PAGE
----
Survey sparks questions about DTC effectiveness

PRINCETON, NJ: Requests for brand-name drugs are made at the same rate in Europe as they are in the US, according to a new survey. The results may highlight the effectiveness of pharmaceutical marketing tactics other than direct-to-consumer (DTC) advertising.

PRINCETON, NJ: Requests for brand-name drugs are made at the same rate in Europe as they are in the US, according to a new survey. The results may highlight the effectiveness of pharmaceutical marketing tactics other than direct-to-consumer (DTC) advertising.

DTC marketing has become a staple of the pharmaceutical industry's US-based marketing efforts in recent years.

That finding came via the 2003 National Health and Wellness Survey (NHWS), which was conducted by Consumer Health Sciences (CHS), Grey Healthcare Group's patient data company. Some 53,000 people responded, 36,000 in the US. Other countries included Germany, the UK, and France.

Results showed that about one in three patients in the US, where DTC ads have become common practice for pharmaceutical marketers, requests a specific drug from their physician. Yet the same proved true of respondents from France, Germany, and the UK, where manufacturers are prevented from advertising prescription drugs directly to consumers.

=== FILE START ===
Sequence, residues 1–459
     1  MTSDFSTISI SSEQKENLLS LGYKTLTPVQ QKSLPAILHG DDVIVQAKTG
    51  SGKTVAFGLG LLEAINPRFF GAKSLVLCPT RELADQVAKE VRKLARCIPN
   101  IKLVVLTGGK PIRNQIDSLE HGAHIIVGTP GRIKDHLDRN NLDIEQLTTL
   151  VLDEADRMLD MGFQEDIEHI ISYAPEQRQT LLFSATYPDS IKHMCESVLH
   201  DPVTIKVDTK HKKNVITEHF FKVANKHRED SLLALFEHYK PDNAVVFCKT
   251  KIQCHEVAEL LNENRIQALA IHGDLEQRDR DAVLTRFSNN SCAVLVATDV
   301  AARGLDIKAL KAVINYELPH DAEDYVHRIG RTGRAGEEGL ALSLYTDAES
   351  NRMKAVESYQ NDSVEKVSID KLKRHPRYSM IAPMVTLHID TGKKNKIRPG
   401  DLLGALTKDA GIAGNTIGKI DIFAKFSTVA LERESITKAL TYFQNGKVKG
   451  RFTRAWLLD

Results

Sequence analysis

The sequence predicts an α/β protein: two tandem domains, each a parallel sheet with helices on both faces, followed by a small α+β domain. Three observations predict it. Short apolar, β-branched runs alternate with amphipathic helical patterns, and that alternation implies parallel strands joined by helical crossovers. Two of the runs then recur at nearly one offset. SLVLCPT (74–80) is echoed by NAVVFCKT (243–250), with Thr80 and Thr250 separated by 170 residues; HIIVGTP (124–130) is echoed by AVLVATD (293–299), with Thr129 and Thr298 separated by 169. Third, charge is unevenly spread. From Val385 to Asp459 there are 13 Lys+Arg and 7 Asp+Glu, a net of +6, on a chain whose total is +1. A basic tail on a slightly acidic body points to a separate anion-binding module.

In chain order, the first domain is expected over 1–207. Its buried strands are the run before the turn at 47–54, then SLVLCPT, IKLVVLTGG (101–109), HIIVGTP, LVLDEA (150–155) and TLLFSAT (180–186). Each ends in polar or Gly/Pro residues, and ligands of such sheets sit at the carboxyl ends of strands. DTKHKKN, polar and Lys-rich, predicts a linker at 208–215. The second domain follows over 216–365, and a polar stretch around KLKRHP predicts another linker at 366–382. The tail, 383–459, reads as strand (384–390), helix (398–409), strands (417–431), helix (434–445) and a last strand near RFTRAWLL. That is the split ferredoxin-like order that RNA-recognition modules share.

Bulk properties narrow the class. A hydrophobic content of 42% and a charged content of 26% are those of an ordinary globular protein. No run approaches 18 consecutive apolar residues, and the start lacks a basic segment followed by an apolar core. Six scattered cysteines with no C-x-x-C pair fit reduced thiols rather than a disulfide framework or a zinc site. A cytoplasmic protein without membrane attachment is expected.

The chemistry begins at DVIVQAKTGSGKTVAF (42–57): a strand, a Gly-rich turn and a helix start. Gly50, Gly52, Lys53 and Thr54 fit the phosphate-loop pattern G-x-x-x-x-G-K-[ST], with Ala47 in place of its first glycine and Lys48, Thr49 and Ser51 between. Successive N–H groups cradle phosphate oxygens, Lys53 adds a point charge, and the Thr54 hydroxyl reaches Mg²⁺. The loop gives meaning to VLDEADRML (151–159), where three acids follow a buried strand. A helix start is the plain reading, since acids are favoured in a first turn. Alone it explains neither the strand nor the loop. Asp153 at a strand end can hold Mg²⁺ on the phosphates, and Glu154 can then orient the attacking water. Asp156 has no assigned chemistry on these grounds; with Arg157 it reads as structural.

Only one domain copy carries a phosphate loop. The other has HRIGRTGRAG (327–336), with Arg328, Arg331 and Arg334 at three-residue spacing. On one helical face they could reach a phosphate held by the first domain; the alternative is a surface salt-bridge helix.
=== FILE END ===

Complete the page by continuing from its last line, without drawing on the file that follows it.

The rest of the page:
The data "shows that the way people learn goes well beyond DTC [advertising]," said Jane Donohue, who is the CEO of CHS.

Respondents cited newspapers, television, the internet, and advice from family and friends as the most popular sources for gathering information about healthcare.

Donohue said the survey results could leave pharmaceutical companies that have invested heavily in DTC advertising "scratching their heads.

"[DTC advertising] might not be driving as much new business as was previously thought," she said.

The NHWS gathers information on respondents' attitudes, opinions, behaviors, demographics and quality of life with regard to their healthcare habits. Participants are predetermined to be representative of each country's population.

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